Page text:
Many individuals tend to be similar in terms of single personality characteristics. Many people can be described as high in sociability while others can be described as low in sociability. Personality is a useful concept because it enables us to categorize consumers into different groups on the basis single trait.
Personality Can Change
Personality can change under certain circumstances. An individual personality may be altered by major life events such as the birth of a child, the death of a loved one, a divorce, or a major career promotion.
Personality is Consistent and Enduring
The stable nature of personality is such that it is unreasonable for marketers to attempt to change consumers’ personalities to confirm certain products. Personality characteristics influence consumer responses and attempt to obtain to relevant traits inherent in their target group of consumers.
Importance of Personality
Consideration of personality differences of focal persons is important for the following three reasons:
- Many people arouse hostility and aggression in their associates while some others invoke sympathy and supportive responses because of their personality features/ traits. In the same way, some people encourage while others discourage free and open communication in view of their personality traits as perceived by their subordinates and associates.
- Personality characteristics tend to produce different emotional reactions to stress. Some people tolerate severely stressful situations while others are overwhelmed with tensions under similar circumstances.
- Individual personality leads to individual differences in styles of coping with stress.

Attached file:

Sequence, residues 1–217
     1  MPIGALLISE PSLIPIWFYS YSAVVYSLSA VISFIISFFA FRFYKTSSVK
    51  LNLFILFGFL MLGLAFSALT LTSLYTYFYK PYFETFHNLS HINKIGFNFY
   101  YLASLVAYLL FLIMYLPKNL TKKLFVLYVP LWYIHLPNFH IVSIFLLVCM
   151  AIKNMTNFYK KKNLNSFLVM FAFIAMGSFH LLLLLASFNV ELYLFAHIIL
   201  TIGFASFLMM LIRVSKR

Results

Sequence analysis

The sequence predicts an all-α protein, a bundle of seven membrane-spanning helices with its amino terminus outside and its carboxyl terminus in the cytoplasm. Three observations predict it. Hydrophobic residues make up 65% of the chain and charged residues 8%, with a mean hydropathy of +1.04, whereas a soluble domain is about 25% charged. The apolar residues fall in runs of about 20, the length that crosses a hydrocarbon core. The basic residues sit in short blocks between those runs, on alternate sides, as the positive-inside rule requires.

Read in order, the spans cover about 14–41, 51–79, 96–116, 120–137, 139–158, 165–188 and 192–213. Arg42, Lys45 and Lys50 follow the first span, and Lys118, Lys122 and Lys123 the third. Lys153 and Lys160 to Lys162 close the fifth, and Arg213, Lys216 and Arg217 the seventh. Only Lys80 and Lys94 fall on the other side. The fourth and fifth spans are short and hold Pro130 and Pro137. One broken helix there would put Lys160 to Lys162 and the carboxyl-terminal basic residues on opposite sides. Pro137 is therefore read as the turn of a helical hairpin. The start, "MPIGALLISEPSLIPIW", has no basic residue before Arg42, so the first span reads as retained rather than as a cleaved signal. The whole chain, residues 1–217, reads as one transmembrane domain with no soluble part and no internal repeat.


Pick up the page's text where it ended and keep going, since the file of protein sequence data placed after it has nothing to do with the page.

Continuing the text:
Factors Affecting Personality
The factors affecting personality development are illustrated below:
The relationship of heredity with personality is a well-accepted fact. Traits like physique, eye color, hair color, height, temperament, energy level, intelligence, reflexes, etc. are generally referred to describe the influence of heredity in developing personality.
The heredity approach argues that the ultimate explanation of an individual’s personality is the molecular structure of the genes, located in the chromosomes. Robbins (2003) has argued that the three different streams of research lend some credibility to the argument that heredity plays an important part in determining an individual’s personality.
The first looks at the genetic underpinnings of human behavior and temperament among young children. The second addresses the study of twins who were separated at birth and the third examines the consistency in job satisfaction over time and across situations.
The environment comprises culture, family, social, and situational factors. The environmental factors influence the personality of an individual since they provide the basis of certain experiences: which determine the individual’s view of life, both positive and negative.
Culture establishes norms, attitudes, and values that are passed on from generation to generation and create consistencies over time. Every culture expects and trains its members to behave in ways that are acceptable to the group. People from different cultural groups have different attitudes towards independence, aggression, competition, cooperation, artistic talent, etc.